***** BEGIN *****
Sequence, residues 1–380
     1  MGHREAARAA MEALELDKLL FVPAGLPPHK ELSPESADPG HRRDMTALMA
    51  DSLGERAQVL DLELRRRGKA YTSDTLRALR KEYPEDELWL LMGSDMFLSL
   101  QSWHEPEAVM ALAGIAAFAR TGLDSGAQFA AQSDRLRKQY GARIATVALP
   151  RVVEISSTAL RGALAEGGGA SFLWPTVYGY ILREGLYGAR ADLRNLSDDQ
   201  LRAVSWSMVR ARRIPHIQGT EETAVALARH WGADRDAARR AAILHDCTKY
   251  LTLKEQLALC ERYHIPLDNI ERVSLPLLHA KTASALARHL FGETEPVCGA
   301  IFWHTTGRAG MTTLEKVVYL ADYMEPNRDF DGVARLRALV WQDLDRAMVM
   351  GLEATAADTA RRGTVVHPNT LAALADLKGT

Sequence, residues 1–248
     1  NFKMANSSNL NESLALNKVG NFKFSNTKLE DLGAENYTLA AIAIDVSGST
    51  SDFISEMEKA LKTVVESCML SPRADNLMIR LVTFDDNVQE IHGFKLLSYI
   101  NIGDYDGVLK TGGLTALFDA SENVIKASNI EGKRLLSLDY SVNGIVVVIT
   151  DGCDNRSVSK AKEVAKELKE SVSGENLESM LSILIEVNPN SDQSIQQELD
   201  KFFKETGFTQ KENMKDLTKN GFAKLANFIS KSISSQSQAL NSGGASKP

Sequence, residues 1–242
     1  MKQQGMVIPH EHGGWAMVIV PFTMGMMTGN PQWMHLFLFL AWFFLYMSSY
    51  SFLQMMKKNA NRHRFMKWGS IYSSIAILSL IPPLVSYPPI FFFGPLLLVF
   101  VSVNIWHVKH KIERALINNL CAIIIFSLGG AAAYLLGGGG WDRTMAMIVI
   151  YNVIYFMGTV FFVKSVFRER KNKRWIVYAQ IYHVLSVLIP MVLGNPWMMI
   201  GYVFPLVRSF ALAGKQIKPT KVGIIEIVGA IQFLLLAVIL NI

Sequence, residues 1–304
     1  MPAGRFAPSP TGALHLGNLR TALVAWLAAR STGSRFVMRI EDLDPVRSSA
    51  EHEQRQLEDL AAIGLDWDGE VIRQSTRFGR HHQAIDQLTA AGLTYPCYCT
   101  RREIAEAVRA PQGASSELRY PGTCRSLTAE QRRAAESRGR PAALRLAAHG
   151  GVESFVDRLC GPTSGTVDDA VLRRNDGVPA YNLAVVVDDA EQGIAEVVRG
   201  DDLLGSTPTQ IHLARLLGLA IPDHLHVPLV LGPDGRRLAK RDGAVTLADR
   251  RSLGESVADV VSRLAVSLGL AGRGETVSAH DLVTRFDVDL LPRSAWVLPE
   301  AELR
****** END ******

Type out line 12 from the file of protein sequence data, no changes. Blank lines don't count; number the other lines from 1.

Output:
    51  SDFISEMEKA LKTVVESCML SPRADNLMIR LVTFDDNVQE IHGFKLLSYI